Trump’s 17th century mercantilist trade policies are making the United States the skunk at the party at the G7 meet in Quebec on Friday. Trump will skip the session on climate change. Trump has been needling Justin Trudeau, the PM of Canada, and Emmanuel Macron, the French president. Macron is needling back:
The American President may not mind being isolated, but neither do we mind signing a 6 country agreement if need be. Because these 6 countries represent values, they represent an economic market which has the weight of history behind it and which is now a true international force https://t.co/UA86fcjozs
— Emmanuel Macron (@EmmanuelMacron) June 7, 2018
From 1998 to 2014, the G7 became the G8, as Russia was included in the club of “industrialized democracies.” President Vladimir Putin’s occupation of parts of the Ukraine in 2014, his illiberal tactics of rule, his crushing of the independent media, and a fall in oil prices made Russia less and less likely as a member of a club of “industrialized democracies,” and Moscow’s membership was suspended in 2014. The G8 then became the G7 again.
What Macron is saying is that the G7 could become the G6 if the other members decided to exclude Trump. It is a breathtaking idea, that the US should be treated by the major industrialized democracies as a rogue state in the same category as Putin’s Russia.
When Trudeau complained to Trump about the new tariffs he slapped on Canadian goods, saying he was especially upset that the pretext Trump used was that Canada formed a “national security threat” to the US, Trump replied, “didn’t you guys burn down the White House?” He was referring to an 1814 incident during the War of 1812 between the US and Britain. Canada only came into existence as a country in 1867.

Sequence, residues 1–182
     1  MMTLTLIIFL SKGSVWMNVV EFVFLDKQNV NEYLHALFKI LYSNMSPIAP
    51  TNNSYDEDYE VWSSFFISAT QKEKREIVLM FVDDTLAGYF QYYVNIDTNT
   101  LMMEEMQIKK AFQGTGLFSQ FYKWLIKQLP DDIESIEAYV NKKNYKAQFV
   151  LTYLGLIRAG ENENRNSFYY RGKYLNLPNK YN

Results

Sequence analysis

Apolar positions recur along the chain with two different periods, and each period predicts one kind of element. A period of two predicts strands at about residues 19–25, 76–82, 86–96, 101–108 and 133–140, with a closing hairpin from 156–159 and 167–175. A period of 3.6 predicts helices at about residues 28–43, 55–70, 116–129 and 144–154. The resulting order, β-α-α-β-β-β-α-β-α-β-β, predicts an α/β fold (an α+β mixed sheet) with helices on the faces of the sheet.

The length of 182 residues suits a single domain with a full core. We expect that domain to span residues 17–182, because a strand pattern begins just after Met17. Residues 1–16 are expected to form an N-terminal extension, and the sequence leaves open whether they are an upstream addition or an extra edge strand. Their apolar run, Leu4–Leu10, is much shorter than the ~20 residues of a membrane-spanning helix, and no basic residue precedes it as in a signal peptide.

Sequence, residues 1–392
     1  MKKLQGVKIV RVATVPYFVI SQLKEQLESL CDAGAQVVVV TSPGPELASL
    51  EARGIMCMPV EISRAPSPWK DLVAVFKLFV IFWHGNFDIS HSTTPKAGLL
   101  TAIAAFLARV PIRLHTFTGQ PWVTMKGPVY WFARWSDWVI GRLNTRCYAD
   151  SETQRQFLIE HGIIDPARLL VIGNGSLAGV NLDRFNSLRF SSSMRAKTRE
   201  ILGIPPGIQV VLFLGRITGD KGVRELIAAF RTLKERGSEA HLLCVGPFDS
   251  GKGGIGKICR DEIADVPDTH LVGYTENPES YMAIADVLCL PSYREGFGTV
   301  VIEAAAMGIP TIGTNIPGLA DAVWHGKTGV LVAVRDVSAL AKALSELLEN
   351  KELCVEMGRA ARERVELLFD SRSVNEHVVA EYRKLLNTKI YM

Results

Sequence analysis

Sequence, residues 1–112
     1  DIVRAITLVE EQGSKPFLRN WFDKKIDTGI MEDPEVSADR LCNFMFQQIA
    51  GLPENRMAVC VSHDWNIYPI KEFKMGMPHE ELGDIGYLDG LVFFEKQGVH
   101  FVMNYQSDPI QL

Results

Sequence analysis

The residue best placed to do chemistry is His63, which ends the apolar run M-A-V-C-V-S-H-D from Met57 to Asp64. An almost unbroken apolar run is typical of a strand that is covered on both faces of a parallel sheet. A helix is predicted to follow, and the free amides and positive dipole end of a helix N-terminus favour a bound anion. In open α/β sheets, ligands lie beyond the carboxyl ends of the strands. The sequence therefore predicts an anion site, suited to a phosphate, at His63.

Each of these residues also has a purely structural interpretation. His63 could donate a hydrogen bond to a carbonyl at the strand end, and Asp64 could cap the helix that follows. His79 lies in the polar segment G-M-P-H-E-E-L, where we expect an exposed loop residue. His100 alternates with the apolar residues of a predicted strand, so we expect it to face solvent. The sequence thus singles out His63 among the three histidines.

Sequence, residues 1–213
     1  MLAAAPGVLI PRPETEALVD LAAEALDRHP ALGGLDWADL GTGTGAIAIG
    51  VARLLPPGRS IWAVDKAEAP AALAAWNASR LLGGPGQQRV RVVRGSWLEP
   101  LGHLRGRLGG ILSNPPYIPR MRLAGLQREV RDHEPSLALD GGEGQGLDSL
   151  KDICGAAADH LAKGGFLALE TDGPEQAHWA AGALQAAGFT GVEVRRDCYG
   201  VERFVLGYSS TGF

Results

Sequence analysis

Trump also repeatedly insists that the US runs a large trade deficit with Canada, importing more goods from that country than it sells to its northern neighbor. Those in the US who make that argument are typically counting third party goods imported into the US through Canada, which Ottawa considers an unfair accounting. The fact is that the US-Canada trade is almost equal, and if you count both goods and services, it is the US that runs the surplus.
Time says that the Office of the United States trade representative concludes that in 2016 the US exported $320.1 bn. of goods and services to Canada but only imported $307.6 bn from Canada. But let’s face it, in a $628 billion mutual trade relationship a $12 bn surplus on either side is trivial and certainly not worth having a trade war about.